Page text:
QUICK READ:

  • Casper has highlighted the growing power of social media influencers to make or break brands, naming its own online advocates as one of the risk factors facing its initial public offering.
  • Influencer marketing has expanded into an $8bn business as celebrities, experts and other people with large followings on social media platforms charge thousands of dollars to promote products.
  • But many influencers have BOTS as followers.
  • Influencers have no way to prove they “influence” — neither in quantity nor in quality — and brands have to be very realistic about what they stand to gain from such collaborations, if at all.
When your brand relies on influencers

SUMMARY: After explosive growth, the $8bn influencer marketing business may for the first time be showing signs of strain. Brands are beginning to question the returns that influencers actually generate, especially as the get-rich-quick appeal of digital celebrity is now attracting fraudsters who pay for fake followings. But what about brand advocate influencers?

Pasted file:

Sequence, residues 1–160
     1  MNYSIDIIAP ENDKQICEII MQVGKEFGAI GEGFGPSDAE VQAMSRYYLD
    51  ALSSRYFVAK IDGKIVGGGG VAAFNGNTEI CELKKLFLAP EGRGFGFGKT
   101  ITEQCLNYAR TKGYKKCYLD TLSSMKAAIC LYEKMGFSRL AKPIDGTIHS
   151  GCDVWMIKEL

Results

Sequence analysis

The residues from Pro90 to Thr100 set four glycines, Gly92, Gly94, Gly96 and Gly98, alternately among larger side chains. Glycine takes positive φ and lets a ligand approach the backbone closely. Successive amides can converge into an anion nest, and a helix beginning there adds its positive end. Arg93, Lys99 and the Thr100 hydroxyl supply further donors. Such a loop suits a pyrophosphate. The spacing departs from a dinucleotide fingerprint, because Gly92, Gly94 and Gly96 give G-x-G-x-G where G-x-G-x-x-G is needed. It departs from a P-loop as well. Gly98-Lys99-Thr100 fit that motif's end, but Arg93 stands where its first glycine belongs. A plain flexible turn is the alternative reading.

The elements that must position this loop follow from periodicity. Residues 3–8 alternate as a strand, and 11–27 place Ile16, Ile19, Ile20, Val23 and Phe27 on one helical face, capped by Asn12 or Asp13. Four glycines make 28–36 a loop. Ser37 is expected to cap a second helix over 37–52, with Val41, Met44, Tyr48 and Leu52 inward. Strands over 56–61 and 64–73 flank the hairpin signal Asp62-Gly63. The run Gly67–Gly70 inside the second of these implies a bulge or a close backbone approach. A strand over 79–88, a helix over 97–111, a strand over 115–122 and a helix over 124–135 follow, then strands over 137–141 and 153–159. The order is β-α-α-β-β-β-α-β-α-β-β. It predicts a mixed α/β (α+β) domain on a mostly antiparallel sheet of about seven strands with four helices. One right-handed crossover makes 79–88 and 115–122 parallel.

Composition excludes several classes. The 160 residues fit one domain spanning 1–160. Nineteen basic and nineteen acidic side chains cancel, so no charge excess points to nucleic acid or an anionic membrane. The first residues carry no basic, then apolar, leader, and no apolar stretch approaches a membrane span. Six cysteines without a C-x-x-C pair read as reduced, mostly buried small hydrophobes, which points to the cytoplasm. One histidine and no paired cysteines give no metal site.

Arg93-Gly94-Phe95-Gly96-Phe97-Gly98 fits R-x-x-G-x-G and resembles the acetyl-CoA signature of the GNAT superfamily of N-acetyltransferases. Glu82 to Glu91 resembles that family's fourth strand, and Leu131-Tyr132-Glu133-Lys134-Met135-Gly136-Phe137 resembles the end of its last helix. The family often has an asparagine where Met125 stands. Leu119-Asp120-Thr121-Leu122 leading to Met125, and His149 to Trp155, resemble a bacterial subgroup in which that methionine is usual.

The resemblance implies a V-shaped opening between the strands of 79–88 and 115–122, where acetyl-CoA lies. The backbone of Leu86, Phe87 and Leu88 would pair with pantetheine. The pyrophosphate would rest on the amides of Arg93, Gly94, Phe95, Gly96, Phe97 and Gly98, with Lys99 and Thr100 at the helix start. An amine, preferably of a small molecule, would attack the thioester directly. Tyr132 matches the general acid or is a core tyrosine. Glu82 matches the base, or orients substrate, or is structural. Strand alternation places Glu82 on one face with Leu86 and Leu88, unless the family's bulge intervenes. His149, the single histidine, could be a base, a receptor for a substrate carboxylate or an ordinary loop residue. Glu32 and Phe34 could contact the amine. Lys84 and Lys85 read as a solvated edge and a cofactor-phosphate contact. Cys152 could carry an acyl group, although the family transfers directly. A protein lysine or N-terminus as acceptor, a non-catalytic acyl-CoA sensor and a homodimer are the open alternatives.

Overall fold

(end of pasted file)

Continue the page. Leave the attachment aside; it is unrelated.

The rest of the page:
<b>Celebrity influencers:</b><i> Has their time past?</i>
  • A study confirmed that 59 percent of all links shared on social networks aren’t actually clicked on at all, implying the majority of article shares aren’t based on actual reading. 
  • People are sharing articles without ever getting past the headlines
  • Attention spans are at an all-time low, and most users make snap decisions about articles based on their first impressions, which happen to be headlines.
  •  Influencers have no way to prove they “influence” — neither in quantity nor in quality — and brands have to be very realistic about what they stand to gain from such collaborations, if at all.
The influencer bubble